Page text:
Indeed, when one looks there are plenty of examples of biophilia’s long standing present in human design. Looking back in time the most prominent example I can think of is the Fibonacci Sequence (Fn), the Golden Ratio (φ) and the Golden Spiral. To understand how these concepts are an important example of the historical importance of biophilia in human design we need to first understand what they are. The Fibonacci numbers were discovered by Fibonacci in 1202 and are an indefinite sequence of integers where each individual number is the sum of the two before it: 0, 1, 2, 3, 5, 8, 13, 21, 34, 55, etc. What is interesting about the Fibonacci numbers and of particular importance in their relation to biophilia is that these interconnected patterns are also found in nature, “such as branching in trees, phyllotaxis (the arrangement of leaves on a stem), the fruit sprouts of a pineapple, the flowering of an artichoke, an uncurling fern and the arrangement of a pine cone‘s bracts.” From the Fibonacci sequence came the concept of the Golden Ratio (φ) (1.6180339887…) which states, “two quantities are in the golden ratio if their ratio is the same as the ratio of their sum to the larger of the two quantities.”  This concept mimics the Fibonacci sequence where any portion of an object is equal to the sum of the two proceeding portions ad infinitum. Then from the Golden Ratio is born the Golden Spiral, which is traced by the growing proportions that follow the golden ratio. The following infographic is an awesome introduction to the Fibonacci sequence, the golden ratio and the golden spiral ripe with examples of how it is a reoccurring pattern in the natural world that was created by EWMINTERACTIVE.com (click it to see a larger version).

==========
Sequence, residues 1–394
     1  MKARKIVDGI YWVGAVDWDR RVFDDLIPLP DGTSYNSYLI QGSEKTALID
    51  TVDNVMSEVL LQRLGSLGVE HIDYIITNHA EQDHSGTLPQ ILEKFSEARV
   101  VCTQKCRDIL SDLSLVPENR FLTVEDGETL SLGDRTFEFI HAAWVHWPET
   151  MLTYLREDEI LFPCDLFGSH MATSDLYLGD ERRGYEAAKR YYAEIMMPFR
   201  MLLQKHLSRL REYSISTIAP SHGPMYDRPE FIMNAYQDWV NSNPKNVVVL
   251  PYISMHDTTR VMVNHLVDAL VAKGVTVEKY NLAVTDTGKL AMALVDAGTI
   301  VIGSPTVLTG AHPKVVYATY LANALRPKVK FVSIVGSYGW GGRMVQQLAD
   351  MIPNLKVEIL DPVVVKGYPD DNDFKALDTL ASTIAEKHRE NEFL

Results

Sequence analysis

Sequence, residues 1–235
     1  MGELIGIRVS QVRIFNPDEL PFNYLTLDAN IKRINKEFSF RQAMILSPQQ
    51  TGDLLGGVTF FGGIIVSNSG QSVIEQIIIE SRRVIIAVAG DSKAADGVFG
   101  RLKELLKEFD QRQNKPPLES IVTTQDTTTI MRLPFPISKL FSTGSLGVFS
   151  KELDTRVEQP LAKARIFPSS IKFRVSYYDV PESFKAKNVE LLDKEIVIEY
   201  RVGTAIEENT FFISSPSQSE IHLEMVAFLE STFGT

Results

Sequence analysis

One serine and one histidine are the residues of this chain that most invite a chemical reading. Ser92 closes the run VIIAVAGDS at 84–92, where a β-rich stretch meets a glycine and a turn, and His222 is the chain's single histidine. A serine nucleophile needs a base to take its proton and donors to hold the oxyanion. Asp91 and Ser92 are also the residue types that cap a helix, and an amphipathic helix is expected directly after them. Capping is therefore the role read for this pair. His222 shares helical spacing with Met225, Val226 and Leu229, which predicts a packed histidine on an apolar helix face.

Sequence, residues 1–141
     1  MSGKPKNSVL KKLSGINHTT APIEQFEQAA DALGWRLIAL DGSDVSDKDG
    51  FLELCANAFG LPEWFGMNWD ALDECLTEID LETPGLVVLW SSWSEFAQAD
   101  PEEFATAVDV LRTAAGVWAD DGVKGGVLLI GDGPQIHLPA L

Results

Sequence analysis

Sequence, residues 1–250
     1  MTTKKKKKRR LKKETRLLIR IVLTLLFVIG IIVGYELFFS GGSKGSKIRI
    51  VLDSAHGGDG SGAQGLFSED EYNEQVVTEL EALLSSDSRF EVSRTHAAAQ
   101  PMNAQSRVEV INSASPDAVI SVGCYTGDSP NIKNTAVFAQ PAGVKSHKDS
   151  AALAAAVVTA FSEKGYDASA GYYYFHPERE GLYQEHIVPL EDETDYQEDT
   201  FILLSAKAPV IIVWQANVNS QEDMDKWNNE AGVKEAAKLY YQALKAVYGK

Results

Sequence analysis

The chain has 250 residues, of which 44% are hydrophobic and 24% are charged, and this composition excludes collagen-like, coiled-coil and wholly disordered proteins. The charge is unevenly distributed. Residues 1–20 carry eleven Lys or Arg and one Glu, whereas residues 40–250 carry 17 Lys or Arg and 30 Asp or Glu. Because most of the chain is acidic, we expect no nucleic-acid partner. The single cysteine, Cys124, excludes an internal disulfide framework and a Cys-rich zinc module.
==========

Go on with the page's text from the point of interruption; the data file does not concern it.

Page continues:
FibonacciInfographics

 

examples-of-the-golden-ratio-you-can-find-in-nature-26434Examples of the Golden Ratio In Nature

As you can see the Fibonacci Sequence, Golden Ratio and Golden Spiral can be considered to be a natural pattern. More importantly a natural pattern is one that hundreds of years ago was determined to be fundamental to beauty and aesthetics and employed in art and design. There are many examples of this principles use that was included either intentionally or instinctively employed in art and design that demonstrates the long standing presence of the Golden Ratio concept and by association biophilia in human design.

 

mona_lis_golden_ratioThe Mona Lisa 

 

 

Hokusai-Meets-Fibonacci-Golden-Ratio_artHokusai Meets Fibonacci, Golden Ratio by Ars Brevis

 

 

1-thegoldenmeaNational Gallery

 

 

Parthenon-Phi-Golden-Ratio-1Parthenon

 

 

65Neptune and Doryphorus

 

At this point I am just starting to ramble and so will wrap this up. To clarify my point is this: biophilia is definitely a powerful concept to include in the design of places and spaces. It is and has been a driving force in art and design whether we were conscious of it or not. Respecting the fundamental connection people have to the natural world and designing in a manner that triggers this illicit response is a powerful tool. A tool that we can use to help re-connect people to place and to the natural world.